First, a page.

What Women Dentists REALLY Want to Know: How to Train Your Staff
Amy Morgan, CEO of Pride Institute, says that when staff members know the whys, their tasks become important.
By Amy Morgan, CEO, Pride Institute
Victoria, a California dentist, asks, "How should I train a new staff member when I don't know exactly what she's supposed to be doing and I have so little time?"
The founder of Pride Institute, Dr. Jim Pride, used to tell the story of how he hired his first staff member, Elaine, when he was a young dentist beginning clinical practice. Although Elaine had no dental experience, Dr. Pride hired her because of the excellent customer service skills she displayed working at a local bank. On her first day at the practice, Elaine arrived wearing full nurse's gear, including the hat (this was in the '60s). Pad in hand, Elaine asked Dr. Pride what he wanted her to do. He thought for a moment, then had her write "Work." When she asked, "How?" he responded, "Hard." (Dr. Pride advanced his skills before creating the Pride Institute.)
If you're training your most valuable asset — your staff — by crossing your fingers and hoping for the best, you're doing what Dr. Pride did. Women dentists often feel uncomfortable training staff for the following reasons:
• They haven't clearly defined what they want their staff to do;
• They haven't performed many of the nonclinical tasks themselves, so they feel uncertain teaching them; or
• They feel that they lack the time to train.
When staff members enter the practice, they haven't struggled yet with performance shortfalls and are enthusiastic and willing to learn. If you capitalize on their initial enthusiasm during the training phase, you won't need to invest unpleasant time later in correction, counseling, confrontation, and termination. If you dread confronting and firing staff, the antidote is to train them. Two basic tools that make training easier are a job description and training plan.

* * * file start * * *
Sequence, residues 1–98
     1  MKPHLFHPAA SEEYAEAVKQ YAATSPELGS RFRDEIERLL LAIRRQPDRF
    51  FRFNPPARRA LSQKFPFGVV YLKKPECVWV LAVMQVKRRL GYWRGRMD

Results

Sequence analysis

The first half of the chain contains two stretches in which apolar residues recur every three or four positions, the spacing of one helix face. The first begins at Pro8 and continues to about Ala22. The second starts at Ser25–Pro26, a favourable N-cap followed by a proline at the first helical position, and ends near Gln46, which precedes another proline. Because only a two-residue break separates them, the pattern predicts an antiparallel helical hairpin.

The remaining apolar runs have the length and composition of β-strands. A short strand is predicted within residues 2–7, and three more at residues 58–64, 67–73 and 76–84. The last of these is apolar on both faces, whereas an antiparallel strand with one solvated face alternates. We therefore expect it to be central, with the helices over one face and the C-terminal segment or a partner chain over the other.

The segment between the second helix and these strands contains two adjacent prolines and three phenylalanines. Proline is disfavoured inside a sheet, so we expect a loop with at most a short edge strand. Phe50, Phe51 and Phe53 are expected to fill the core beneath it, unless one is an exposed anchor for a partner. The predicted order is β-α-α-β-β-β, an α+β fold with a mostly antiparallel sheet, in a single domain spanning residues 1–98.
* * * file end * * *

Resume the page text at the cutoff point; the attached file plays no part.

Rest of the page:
The dental offices I encounter overwhelmingly have either no job descriptions or flawed ones. Massive listings of duties with no priorities, clarity, outcomes, and explanation of why tasks are performed make for flawed job descriptions.
An excellent job description starts with a list of ideal outcomes of the position — not the tasks. Outcomes tell trainees why their tasks are important. For example, assume you're hiring an appointment coordinator. The flawed way to start your job description is with a laundry list of tasks, such as:
• Pick up the phone in three rings.
• Make coffee.
• Take out the garbage.
Instead, begin by explaining what you are striving for, i.e., outcomes, such as:
• Patients committed to and showing up for their appointments
• A schedule that meets production goals, provides balance and efficiency, and ensures a quality experience for both patients and staff
When staff members know the whys, their tasks become important.
Job descriptions next contain the knowledge, skills, abilities, and attitudes required for success in the position. Avoid Dr. Pride's generality about working "hard." Instead, be specific about the organizational, computer, customer service, teamwork, and other skills that a staff member needs. For the appointment coordinator, for example, your list might include:
• Calmly and efficiently juggle many things — handle patients, file documents, answer the phone, etc.
• Master computer software programs.
• Exhibit excellent communication, listening, and relationship-building skills to deliver exceptional customer service.
• Be willing to help other team members beyond one's own job description and actively participate in staff meetings and projects to improve the practice.
After indicating your ideal outcomes, as well as the knowledge, skills, abilities, and attitudes expected for success, then list the duties required. Ideally, prioritize the tasks based on the vision and values of the practice (greeting arriving patients, for example, might get priority over filing charts). For the appointment coordinator, this section might include tasks such as:
• Handle no-shows and cancellations.
• Acknowledge patients within one minute of their arrival.
• Fill pre-set times for production blocks in the schedule.